Shortly after the RWB: Life After Birth movie premiere, I regrouped at a private function with Nakai-san, the majority of the film’s stakeholders, and the owners of all six RWB Porsches that were displayed. After years of hard work it was finally time to celebrate their efforts.
Over the course of the night I was asked if I’d like to check the cars out properly; of course I was keen as beans to get some quiet time with the six Australia and New Zealand RWB cars that had tantalised me from afar for so long.
I dragged my sorry butt from my comfortable hotel bed the next morning, still slightly dusty from a great night out, and straight into my private limousine: Paul from Speed Nation’s boosted Audi A4 wagon. I’m not sure what direction we headed, or even how long we drove for, but I took advantage of the drive and had a power nap. I was completely alert a few seconds after we pulled into the very nondescript industrial complex though. Being confronted by half a dozen brightly painted RWBs has that effect.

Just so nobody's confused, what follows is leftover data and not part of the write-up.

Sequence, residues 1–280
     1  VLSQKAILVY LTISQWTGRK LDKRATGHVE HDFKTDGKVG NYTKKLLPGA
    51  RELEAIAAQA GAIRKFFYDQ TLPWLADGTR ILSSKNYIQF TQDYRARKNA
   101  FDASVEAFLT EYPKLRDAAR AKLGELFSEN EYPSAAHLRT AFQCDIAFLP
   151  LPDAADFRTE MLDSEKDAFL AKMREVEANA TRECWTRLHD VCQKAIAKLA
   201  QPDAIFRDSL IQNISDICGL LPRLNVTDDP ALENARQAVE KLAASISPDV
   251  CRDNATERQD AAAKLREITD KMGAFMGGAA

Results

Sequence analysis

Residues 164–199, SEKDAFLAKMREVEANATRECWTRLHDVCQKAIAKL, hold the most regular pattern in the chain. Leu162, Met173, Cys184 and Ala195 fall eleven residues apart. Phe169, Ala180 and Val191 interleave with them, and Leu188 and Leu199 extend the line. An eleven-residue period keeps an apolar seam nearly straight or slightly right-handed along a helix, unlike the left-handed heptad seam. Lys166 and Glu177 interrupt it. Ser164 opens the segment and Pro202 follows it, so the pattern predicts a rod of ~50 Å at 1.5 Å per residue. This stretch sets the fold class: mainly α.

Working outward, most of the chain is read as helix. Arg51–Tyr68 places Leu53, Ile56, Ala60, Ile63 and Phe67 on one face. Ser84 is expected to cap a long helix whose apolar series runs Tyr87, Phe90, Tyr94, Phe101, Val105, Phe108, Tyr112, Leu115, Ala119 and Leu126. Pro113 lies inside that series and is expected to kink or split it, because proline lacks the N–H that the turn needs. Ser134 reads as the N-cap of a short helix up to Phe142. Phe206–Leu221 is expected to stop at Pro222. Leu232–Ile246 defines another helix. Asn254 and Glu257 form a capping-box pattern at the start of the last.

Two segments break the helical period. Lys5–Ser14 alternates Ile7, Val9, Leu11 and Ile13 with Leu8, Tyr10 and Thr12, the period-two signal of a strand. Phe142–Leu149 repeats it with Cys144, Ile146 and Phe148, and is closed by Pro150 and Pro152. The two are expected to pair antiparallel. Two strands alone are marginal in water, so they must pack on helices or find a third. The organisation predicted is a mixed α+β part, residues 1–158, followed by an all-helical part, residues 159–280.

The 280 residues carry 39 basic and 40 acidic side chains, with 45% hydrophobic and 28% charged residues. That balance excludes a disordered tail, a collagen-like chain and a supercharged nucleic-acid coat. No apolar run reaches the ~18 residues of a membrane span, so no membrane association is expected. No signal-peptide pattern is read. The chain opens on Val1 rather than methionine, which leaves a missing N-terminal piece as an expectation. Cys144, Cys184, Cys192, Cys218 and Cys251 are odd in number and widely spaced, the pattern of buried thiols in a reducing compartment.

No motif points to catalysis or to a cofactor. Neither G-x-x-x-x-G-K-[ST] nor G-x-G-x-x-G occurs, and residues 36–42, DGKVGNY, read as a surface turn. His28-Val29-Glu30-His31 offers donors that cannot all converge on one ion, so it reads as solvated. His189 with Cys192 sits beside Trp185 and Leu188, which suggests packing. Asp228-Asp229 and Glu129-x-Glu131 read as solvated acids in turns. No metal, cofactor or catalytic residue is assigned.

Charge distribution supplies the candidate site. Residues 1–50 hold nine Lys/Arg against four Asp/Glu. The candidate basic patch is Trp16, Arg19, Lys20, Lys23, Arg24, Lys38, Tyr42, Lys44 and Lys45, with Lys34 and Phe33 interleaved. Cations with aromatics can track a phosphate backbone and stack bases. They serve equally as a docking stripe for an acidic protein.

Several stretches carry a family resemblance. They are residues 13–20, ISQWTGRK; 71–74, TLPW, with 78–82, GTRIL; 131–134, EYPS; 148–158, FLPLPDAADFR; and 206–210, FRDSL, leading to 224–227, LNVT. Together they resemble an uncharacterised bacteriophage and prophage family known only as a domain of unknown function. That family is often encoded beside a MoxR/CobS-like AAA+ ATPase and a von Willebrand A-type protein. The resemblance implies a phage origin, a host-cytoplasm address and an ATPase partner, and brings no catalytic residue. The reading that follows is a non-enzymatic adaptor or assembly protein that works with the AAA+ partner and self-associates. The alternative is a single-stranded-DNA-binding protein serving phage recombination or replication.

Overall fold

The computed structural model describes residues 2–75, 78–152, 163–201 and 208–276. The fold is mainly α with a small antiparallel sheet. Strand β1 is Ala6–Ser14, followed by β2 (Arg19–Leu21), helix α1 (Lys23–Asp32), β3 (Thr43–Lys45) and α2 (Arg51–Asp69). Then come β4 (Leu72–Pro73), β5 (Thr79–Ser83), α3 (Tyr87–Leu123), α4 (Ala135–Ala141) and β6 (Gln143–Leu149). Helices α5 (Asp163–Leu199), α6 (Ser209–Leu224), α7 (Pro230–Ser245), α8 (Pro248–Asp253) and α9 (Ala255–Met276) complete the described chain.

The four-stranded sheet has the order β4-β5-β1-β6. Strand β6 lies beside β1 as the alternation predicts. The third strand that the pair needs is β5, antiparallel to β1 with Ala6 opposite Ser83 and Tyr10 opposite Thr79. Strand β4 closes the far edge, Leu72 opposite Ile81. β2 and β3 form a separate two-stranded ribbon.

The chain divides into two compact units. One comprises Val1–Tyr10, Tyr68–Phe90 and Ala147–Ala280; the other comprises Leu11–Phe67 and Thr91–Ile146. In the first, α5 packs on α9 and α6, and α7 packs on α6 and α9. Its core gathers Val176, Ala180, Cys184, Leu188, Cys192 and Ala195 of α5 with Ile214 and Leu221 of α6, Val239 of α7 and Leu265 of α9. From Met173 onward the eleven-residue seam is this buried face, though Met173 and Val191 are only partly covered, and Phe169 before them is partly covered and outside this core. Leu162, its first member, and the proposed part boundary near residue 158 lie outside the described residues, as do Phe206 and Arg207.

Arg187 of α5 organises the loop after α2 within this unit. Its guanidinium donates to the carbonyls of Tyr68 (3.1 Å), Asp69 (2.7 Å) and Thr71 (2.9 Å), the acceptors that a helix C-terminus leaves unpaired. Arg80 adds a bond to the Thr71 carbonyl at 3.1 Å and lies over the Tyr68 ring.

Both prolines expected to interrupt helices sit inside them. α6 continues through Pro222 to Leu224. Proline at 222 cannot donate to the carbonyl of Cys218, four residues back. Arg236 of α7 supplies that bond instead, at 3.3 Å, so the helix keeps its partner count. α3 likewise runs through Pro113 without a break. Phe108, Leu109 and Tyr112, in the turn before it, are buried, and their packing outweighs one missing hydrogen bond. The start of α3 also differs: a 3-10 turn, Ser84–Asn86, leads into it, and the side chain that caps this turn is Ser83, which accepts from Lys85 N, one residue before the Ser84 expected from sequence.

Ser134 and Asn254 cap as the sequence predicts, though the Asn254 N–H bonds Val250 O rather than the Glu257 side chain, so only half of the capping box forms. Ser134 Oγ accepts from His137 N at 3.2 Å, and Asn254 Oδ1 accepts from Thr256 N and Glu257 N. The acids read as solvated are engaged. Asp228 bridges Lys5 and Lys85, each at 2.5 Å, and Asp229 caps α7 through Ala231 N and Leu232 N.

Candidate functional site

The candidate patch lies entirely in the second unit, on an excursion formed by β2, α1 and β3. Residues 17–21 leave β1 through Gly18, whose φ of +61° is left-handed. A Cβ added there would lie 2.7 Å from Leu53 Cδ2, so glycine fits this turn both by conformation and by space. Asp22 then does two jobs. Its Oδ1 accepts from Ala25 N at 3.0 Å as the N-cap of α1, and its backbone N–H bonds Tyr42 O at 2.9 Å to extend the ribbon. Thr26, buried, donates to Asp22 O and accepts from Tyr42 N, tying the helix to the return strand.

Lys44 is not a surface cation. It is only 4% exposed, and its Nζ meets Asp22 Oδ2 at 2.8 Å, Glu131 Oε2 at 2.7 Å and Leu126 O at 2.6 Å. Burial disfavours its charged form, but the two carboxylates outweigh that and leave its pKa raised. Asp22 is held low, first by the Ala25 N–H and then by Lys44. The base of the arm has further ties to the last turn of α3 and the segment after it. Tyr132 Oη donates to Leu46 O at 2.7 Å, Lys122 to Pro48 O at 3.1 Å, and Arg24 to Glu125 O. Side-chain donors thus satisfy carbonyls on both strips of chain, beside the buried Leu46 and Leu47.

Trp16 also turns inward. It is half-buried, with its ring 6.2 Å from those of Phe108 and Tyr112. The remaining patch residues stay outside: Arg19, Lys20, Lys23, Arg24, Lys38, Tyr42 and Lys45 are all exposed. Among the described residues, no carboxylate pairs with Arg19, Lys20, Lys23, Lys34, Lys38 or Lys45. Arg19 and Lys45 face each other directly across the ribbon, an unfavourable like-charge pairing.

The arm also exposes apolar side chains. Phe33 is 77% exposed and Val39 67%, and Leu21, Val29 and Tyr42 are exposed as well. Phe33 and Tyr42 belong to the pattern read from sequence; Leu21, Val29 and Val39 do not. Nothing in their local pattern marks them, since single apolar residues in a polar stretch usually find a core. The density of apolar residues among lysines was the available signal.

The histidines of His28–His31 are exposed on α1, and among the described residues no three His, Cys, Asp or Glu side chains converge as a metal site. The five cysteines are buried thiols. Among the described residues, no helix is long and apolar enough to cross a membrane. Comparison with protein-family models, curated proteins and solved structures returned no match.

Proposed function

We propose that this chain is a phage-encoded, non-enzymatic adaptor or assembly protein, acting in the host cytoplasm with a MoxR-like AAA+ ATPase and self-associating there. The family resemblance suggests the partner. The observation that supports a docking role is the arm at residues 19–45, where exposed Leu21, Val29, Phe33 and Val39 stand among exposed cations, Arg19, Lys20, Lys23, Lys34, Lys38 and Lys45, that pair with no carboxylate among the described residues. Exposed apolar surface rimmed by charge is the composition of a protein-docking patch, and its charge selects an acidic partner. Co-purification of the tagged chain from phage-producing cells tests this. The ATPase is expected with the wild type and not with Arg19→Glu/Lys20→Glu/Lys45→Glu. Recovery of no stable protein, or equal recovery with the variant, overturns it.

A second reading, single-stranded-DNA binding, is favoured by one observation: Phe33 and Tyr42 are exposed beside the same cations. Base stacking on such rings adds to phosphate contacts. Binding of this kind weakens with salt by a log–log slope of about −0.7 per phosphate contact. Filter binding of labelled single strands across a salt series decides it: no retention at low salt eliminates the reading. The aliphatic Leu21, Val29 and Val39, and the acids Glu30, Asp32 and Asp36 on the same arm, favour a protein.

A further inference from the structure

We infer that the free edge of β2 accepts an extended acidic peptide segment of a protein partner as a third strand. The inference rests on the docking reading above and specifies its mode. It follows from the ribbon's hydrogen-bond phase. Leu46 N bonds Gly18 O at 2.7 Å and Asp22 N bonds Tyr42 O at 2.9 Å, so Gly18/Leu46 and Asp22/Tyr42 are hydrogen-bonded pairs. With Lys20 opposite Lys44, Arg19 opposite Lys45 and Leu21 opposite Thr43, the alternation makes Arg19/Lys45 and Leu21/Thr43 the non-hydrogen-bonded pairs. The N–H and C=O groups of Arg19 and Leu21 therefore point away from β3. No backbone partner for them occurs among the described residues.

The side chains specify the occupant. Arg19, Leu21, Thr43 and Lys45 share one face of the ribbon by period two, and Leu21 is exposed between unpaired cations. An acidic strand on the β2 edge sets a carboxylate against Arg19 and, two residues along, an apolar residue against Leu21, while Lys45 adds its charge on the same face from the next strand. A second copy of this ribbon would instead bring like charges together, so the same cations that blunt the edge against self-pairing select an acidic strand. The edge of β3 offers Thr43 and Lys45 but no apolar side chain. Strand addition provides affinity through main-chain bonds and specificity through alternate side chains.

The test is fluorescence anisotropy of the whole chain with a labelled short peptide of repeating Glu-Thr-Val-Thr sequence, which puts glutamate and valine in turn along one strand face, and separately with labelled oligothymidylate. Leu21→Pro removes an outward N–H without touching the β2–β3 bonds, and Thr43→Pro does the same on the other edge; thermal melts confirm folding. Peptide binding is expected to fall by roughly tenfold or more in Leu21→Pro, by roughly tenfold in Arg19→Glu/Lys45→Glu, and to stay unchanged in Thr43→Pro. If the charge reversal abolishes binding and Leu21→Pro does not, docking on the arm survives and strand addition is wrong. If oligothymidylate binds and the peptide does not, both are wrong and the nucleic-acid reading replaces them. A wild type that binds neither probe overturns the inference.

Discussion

I won’t lie, I felt just a little bit cool as I walked into that dream garage. Seeing these cars parked next to each other with no other distractions vying for attention helped to highlight just how different they all are. You hear a lot of criticism that RWBs all look the exactly the same, but they don’t. Sure, they’re quite similar, not unlike the German canvases they’ve been applied to, but when seeing them all side-by-side, the nuances become glaringly obvious. So without any further ado, how about I introduce you to my new friends?